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How Attainability Can Help Solve the Housing Crisis

March 11, 2024

Understanding the differences between affordable and attainable initiatives is key to a future of stable, equitable housing.

Skyrocketing rental prices, astronomical interest rates, insufficient supply: the severe lack of affordable housing options is not a new development. As of March 2023, a shortage of 7.3 million affordable rental homes was reported, disproportionately affecting low- and extremely low-income families and individuals.

Housing affordability has become a chronic challenge—homeownership has been deemed unaffordable in 80 percent of U.S. counties—prompting policymakers to address this crisis through a variety of affordable housing initiatives. But to make a true impact on housing initiatives, understanding the distinction between "affordable" and "attainable" housing is crucial. While affordable housing targets specific income brackets, attainable housing places a focus on removing a slew of barriers and bringing suitable options within reach for a wider demographic.

Challenges in Housing Attainability

Despite numerous federal programs aimed at providing affordable housing, a significant gap exists between demand and available support. Strict eligibility criteria and additional screening processes often exclude vulnerable populations from assistance: one in four extremely low-income families in need of housing assistance actually receive it. This leaves an estimated 40.6 million Americans burdened by high housing costs, where more than 30 percent of their income is spent on housing and limits their ability to meet basic needs.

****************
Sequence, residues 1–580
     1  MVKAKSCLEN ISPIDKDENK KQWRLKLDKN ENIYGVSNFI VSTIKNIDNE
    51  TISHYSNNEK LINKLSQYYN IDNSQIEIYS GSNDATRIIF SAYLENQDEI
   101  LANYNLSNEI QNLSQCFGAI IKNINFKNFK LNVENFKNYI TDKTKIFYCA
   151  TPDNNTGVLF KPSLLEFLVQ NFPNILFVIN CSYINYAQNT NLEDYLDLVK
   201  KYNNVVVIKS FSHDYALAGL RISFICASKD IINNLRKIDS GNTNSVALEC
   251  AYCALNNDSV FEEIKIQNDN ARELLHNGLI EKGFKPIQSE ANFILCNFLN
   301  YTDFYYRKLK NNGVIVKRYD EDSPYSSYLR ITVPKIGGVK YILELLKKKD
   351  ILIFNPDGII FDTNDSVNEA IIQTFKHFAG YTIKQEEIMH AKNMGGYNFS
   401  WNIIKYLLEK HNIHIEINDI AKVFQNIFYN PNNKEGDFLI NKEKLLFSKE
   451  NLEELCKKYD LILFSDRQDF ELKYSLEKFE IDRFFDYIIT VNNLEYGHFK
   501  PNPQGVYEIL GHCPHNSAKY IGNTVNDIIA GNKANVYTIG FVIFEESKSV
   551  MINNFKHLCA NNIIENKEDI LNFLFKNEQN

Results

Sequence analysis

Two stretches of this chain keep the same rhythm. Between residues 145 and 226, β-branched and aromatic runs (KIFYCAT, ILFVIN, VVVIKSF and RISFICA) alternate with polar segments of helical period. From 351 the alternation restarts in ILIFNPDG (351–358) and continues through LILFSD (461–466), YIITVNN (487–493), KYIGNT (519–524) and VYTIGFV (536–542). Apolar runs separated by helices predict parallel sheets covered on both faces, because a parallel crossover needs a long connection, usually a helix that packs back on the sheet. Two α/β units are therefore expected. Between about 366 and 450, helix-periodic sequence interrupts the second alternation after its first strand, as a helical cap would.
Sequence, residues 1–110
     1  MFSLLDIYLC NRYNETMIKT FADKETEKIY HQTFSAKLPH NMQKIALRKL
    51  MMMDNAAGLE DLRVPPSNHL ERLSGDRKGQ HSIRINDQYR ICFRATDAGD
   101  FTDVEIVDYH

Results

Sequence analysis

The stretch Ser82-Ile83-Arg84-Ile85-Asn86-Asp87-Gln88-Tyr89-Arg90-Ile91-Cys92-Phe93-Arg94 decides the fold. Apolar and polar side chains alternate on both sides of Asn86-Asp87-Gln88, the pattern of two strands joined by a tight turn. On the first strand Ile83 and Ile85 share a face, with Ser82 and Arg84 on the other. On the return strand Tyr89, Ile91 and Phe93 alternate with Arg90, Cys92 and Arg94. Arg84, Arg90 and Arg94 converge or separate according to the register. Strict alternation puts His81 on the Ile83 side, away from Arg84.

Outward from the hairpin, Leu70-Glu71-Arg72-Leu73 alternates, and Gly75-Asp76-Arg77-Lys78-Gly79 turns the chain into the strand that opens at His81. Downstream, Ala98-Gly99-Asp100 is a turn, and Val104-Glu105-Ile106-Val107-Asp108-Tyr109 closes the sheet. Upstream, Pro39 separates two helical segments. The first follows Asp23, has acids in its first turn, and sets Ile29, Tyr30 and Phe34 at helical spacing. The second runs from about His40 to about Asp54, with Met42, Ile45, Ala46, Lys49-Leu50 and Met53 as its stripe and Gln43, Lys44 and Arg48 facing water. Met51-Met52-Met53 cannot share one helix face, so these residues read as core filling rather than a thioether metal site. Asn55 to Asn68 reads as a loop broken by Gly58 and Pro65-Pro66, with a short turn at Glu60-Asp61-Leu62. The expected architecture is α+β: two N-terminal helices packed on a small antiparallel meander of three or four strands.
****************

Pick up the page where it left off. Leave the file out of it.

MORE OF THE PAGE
Various systemic barriers, including discriminatory practices and economic thresholds, also hinder a person’s access to attainable housing. Landlord discrimination against housing voucher holders, coupled with restrictive zoning laws, further exacerbates the crisis. Moreover, individuals lacking necessary documentation or with legal system records face significant challenges in securing stable housing.

While housing assistance programs like the Low-Income Housing Tax Credit and the Housing Choice Voucher Program play a crucial role in federal housing strategies, recipients face significant disadvantages including resource limitations and systemic biases. In particular, public housing has experienced a history of mismanagement and underfunding, perpetuating generational patterns of poverty and instability.

Proven Solutions to Improve Housing Attainability

To effectively break the cycle of housing insecurity, a multifaceted approach is necessary. This includes increased government funding, mixed-income housing developments, and expanded access to private capital for developers. Additionally, lowering the multitude of barriers facing vulnerable and low-income populations—accomplished through reforms in zoning laws, enhanced support for renters through federal programs, and amending punitive regulations aimed at formerly incarcerated individuals or those with legal system involvement—is a crucial step toward attainable housing solutions.

By prioritizing attainability, creating innovative partnerships, and developing more inclusive affordable housing initiatives, we can work towards ending housing insecurity while building economic stability and stronger social communities.

To learn more about solutions that address practical, accessible, and attainable housing for all, download our Attainable Housing White Paper.

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